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Subject: Re: [boost] [gsoc] Boost.Process done
From: Jeremy Maitin-Shepard (jeremy_at_[hidden])
Date: 2010-09-14 16:29:06

On 09/14/2010 10:58 AM, Stewart, Robert wrote:
> Jeremy Maitin-Shepard
>> On 09/14/2010 04:04 AM, Stewart, Robert wrote:
>>> Indeed, calling waitpid() for each child, in turn, is not a good
>>> idea from a scalability perspective. Putting all of
>>> Boost.Process' children into a unique process group and using
>>> waitpid(), with WNOHANG, to wait for children in that process
>>> group could work though.
>> The process group approach does have some nice properties, but
>> I'm not sure it is reasonable for the library to impose such a
>> restriction. (Maybe it is, I am simply not sufficiently
>> familiar with process groups and their intended
>> purpose/practical use to know.) One thing of note is that a
>> process can change its own process group id.
>> From Wikipedia: "Process groups are used to control the
> distribution of signals."
> The idea is that you can send a signal to all members of a
> process group, but using that to monitor a signal from any member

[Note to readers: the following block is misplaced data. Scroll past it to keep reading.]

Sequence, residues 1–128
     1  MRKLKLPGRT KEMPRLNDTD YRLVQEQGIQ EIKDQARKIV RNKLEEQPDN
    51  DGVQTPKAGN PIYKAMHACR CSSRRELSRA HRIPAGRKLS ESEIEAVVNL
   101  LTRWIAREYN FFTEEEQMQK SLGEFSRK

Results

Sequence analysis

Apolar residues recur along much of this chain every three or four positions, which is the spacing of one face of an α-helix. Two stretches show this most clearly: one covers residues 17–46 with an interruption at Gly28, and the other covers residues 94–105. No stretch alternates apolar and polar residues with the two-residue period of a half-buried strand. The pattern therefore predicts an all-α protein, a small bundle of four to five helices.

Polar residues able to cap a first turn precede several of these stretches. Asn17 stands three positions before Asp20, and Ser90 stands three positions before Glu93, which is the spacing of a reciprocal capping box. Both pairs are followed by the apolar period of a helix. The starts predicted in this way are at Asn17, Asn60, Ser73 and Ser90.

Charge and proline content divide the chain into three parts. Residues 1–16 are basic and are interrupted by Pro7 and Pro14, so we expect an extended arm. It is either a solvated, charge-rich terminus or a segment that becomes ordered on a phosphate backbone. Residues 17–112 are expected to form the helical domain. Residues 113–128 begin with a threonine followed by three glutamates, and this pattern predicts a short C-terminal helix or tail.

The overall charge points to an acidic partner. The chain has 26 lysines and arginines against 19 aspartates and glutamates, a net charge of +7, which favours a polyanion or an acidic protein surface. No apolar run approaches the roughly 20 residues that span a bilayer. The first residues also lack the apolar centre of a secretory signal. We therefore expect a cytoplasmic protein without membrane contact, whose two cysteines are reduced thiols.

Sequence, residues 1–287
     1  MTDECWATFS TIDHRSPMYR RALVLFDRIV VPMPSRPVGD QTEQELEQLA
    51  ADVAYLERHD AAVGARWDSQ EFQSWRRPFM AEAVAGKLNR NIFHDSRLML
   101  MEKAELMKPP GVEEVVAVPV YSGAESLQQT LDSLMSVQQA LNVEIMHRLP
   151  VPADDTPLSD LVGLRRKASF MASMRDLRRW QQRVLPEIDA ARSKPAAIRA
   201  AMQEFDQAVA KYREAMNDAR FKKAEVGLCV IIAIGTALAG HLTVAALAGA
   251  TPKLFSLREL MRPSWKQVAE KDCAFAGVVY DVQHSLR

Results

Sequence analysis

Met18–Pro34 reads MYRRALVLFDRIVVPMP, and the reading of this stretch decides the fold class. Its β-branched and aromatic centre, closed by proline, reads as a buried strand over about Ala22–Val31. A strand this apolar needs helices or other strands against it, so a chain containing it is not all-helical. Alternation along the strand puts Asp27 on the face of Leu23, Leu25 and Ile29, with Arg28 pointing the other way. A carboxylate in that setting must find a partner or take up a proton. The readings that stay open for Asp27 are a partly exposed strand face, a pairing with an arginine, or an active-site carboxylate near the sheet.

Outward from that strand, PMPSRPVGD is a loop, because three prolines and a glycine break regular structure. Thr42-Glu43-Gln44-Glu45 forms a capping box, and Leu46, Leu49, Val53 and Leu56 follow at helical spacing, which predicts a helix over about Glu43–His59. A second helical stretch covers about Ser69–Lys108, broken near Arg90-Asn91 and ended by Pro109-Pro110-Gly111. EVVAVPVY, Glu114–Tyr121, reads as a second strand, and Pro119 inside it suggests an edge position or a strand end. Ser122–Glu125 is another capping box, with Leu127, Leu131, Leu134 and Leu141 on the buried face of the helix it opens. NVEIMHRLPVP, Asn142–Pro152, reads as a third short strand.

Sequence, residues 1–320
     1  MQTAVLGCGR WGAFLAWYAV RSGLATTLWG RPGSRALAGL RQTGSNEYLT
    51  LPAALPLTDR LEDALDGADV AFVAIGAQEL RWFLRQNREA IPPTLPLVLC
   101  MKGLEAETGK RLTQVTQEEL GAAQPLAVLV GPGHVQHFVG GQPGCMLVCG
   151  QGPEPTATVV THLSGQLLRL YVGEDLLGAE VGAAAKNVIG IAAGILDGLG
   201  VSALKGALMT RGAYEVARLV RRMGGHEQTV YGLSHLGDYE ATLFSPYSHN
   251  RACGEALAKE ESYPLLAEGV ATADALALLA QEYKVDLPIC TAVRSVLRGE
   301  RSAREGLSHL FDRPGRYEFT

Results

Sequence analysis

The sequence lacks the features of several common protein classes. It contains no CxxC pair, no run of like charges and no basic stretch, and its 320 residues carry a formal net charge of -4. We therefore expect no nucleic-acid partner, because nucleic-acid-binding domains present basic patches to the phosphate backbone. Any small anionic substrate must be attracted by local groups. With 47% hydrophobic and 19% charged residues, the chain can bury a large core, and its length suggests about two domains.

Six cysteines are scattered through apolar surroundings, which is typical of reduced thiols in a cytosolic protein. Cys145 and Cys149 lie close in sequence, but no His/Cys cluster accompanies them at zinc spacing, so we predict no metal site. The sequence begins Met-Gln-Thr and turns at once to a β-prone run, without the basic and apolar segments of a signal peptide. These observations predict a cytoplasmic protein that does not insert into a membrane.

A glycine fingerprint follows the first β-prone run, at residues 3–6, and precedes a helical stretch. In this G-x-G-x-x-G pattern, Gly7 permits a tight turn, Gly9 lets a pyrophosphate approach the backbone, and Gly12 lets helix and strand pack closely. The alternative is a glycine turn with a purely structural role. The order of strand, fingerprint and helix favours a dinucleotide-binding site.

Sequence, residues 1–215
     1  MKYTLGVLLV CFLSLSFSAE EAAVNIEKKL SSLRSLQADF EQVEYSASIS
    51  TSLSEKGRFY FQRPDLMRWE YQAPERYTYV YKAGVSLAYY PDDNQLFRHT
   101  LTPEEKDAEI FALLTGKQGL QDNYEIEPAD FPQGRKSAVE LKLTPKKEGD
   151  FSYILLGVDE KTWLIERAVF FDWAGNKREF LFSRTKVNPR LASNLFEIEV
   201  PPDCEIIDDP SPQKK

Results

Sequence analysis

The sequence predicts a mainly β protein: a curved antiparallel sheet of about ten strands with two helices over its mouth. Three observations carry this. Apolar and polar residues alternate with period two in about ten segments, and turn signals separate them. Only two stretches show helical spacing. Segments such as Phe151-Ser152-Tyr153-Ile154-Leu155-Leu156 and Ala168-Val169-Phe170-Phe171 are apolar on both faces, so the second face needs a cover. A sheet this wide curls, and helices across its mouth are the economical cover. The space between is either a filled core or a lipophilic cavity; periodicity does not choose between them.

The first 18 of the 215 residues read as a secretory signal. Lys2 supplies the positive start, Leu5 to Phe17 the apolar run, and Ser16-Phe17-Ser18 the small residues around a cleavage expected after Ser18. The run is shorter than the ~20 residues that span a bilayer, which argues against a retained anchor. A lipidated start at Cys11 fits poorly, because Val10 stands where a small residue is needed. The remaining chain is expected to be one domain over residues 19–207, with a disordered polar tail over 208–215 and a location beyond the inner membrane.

> of the group via waitpid() seems quit within scope, particularly
> since that is part of the waitpid() interface.
> I'm also not familiar with the behaviors and uses of process
> groups so I don't know if this would just shift the problem in
> some way, albeit to presumably less common application types.

In addition to the fact that you could still run into the same problem
if you allow users to change process groups (you would have to loop
through arbitrarily many process groups), I feel that imposing
non-standard restrictions, even if seemingly minor, is not really
appropriate for a Boost Process library.

I took a look at the process spawning facilities in GLib and Qt
(documentation only). There might be other libraries that would also be
relevant. See:

Note: The Main Loop documentation describes the "child watch"
facilities, which are particularly relevant to our discussion.

The GLib approach in particular seems to be most relevant. (Qt, I
believe, tends to assume it has full control over the entire process,
whereas Glib seems to attempt to be more modular and interoperable with
other software, at least with respect to process creation.)

It seems a key goal is for Boost Process to be interoperable with the
process creation in GLib and Qt. GLib may also provide some useful
design inspiration.

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